Small bottles of hand sanitizer were handed out to family, friends and the nearly 200 graduates of the School of Public Health and Health Services at the school’s graduation ceremony Saturday, a gesture to prevent the spread of swine flu at GW, Interim Dean Josef Reum quipped.
The graduating class is the largest in the school’s history, according to Reum, and spectators of the ceremony completely filled Lisner Auditorium on Saturday afternoon. Roslyn M. Brock, vice chairman of the National Board of Directors for the National Association for the Advancement of Colored People and a GW alumna, gave the ceremony’s keynote address and spoke warmly of her time at GW.
Brock, who graduated from the SPHHS in 1989, said she was honored when Reum invited her to address the graduating class.
“I have very, very fond memories of my time at here at George Washington University, especially trying to find a parking space,” Brock said to laughs from the crowd.
She shared what she called “life lessons” from her 25-year-long career in public health with the new graduates.
“We cannot and we must not make decisions about others without including them,” Brock said.
Brock told graduates never to lose their will to instill change in society.
“You are America’s best, and George Washington University’s finest,” she said. “As you graduate from this place, I challenge each of you to find your voice, to address critical social and economic policy that need your attention. I challenge you to be catalysts for change.”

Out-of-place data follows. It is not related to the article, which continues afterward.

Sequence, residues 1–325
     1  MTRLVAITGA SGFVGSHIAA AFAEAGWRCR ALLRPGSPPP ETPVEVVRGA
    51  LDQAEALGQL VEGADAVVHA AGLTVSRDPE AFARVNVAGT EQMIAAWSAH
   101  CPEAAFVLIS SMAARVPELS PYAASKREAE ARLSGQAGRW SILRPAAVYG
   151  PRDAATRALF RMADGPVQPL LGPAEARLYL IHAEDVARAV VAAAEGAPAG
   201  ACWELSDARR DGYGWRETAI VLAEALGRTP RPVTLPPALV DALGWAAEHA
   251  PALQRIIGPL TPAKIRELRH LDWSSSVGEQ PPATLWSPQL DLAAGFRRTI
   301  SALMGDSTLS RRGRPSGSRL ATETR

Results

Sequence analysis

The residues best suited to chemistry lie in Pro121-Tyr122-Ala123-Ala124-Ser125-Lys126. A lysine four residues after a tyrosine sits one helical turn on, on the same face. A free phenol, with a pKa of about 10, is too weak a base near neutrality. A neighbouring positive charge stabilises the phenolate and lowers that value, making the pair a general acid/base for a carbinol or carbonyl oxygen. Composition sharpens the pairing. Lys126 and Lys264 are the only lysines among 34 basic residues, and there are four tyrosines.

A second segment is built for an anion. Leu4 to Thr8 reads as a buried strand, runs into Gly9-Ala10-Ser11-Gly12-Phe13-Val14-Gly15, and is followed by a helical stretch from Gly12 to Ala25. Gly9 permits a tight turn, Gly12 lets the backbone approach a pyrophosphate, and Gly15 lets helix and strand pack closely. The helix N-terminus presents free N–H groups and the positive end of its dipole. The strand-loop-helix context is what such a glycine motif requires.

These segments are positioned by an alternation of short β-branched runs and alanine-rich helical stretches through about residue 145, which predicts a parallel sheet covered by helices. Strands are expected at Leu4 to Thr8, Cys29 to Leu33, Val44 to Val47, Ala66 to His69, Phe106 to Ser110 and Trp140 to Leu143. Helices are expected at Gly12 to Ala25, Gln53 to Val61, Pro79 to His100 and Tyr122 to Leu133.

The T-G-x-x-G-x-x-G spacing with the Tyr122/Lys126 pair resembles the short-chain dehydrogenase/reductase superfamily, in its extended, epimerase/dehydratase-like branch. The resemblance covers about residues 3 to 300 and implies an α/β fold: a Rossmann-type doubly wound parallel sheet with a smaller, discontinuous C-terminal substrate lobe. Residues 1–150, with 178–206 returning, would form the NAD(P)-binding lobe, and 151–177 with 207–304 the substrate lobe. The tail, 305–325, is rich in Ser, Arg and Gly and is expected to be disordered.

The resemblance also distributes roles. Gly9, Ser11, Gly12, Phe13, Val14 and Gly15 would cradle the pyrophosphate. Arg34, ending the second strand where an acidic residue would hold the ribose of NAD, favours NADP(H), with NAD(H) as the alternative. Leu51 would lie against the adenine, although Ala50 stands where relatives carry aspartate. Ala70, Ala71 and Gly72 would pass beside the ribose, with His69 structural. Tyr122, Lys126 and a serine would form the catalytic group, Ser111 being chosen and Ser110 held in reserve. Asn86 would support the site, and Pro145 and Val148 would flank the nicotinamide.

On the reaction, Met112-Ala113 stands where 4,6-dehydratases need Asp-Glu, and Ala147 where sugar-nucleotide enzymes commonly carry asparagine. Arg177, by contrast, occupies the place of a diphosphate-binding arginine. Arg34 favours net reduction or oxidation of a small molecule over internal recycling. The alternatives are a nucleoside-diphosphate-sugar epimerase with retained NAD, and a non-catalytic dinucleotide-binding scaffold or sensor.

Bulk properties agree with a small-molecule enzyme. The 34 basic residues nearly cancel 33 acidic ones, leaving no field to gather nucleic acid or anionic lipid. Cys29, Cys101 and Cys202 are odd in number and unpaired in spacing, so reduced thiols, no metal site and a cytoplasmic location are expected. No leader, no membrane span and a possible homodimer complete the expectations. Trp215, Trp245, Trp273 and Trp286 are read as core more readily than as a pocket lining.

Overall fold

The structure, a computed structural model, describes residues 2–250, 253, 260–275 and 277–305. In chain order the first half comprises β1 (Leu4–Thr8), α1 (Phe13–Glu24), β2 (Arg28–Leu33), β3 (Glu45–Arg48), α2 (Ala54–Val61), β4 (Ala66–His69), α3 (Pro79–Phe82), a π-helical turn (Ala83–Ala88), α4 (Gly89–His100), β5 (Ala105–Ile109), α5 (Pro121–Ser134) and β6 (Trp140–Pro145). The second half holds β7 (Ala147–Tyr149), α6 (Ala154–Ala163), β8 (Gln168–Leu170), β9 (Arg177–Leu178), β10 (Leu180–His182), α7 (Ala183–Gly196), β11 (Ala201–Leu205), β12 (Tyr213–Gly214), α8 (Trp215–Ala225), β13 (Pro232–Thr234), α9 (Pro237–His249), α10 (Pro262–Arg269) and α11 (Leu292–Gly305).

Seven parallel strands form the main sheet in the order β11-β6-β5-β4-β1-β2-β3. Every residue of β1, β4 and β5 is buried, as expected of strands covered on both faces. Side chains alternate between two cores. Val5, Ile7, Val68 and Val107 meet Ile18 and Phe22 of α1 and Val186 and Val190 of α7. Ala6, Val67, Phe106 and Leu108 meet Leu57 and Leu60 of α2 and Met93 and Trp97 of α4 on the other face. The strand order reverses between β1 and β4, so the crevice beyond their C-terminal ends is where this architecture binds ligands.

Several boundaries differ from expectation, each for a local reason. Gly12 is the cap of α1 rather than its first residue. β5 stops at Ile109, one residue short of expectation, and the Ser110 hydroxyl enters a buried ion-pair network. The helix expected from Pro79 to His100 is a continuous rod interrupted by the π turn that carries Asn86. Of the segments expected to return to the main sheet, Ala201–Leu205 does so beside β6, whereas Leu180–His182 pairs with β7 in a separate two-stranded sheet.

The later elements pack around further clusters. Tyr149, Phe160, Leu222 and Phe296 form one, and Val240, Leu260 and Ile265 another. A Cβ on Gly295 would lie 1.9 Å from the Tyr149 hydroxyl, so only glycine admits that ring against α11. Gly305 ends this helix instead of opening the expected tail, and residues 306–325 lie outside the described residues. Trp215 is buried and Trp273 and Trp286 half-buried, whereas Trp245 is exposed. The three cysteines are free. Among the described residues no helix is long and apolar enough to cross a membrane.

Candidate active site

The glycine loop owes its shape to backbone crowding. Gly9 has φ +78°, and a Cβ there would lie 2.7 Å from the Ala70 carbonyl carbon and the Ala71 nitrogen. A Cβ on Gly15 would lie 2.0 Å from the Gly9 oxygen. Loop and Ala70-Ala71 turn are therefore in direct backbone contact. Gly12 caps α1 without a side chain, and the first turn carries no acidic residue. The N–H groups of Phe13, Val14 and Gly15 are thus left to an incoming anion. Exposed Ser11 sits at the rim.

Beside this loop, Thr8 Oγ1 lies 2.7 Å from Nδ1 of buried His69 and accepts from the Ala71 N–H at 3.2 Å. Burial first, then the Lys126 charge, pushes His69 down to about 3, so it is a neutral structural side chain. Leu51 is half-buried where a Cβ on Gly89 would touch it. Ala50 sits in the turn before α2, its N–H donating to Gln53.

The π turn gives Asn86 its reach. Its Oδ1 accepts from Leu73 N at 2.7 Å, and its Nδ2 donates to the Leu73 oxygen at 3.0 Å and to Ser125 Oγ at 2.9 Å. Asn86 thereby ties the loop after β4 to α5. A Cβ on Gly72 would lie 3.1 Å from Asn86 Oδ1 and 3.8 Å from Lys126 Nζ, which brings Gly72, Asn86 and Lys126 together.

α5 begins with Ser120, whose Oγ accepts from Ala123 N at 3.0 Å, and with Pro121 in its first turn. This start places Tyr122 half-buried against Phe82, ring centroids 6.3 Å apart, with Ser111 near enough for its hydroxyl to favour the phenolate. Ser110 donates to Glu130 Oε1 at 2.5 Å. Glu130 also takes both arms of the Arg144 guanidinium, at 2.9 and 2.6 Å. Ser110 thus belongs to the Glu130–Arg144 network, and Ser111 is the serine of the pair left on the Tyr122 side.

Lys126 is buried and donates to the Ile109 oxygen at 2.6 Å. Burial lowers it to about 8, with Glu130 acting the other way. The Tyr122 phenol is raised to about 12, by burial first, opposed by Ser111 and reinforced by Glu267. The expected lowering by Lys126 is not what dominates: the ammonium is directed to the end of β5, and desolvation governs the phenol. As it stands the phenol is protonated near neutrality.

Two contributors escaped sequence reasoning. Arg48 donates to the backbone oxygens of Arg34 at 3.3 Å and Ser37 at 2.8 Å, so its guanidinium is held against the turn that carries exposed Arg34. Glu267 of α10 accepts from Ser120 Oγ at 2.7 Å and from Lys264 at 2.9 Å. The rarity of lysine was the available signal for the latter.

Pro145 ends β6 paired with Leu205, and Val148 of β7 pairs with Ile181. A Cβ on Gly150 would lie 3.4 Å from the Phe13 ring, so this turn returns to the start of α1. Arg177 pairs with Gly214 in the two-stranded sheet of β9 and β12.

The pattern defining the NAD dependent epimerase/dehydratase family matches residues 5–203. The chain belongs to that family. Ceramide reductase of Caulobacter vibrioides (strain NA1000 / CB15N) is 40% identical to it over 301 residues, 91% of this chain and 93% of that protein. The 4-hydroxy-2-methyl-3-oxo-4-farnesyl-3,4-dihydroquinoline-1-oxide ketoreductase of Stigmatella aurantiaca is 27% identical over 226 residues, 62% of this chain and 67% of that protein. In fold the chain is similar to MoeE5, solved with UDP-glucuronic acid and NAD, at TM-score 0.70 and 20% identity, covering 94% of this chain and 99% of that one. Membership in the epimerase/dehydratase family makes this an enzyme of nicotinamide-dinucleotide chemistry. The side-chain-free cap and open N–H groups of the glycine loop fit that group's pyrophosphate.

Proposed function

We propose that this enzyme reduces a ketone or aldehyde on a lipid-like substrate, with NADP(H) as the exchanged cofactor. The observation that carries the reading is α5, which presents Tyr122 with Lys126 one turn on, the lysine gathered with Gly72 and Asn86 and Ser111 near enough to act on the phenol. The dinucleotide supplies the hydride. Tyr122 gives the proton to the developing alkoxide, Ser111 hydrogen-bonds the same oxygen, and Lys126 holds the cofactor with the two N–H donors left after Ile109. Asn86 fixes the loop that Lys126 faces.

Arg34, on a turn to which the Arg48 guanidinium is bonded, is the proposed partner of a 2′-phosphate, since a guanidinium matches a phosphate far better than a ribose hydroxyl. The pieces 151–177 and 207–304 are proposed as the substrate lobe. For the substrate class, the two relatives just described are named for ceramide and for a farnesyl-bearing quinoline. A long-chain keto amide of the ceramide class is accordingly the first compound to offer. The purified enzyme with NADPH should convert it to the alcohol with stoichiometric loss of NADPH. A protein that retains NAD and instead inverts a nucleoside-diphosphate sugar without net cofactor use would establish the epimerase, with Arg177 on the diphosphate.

During the ceremony, seven SPHHS faculty members received awards for excellence in teaching. Graduates gave Reum an enthusiastic standing ovation when he won an award for excellence in teaching large graduate classes.
Katherine Hunting, associate dean for academic and faculty affairs and professor of public health, read excerpts from the professors’ course evaluations and told the audience that students felt Reum inspired them to read and learn more than was required of them.
After the faculty awards presentation, the school’s student speaker, Matt Goldshore, told his fellow graduates not to settle for just average.
“If we fail to do new things, share new information or become relevant, if we resign ourselves to singing the same old songs, people will not listen,” Goldshore said. “And if we are in public health and we no longer have the ear of the public, we can no longer do our work.”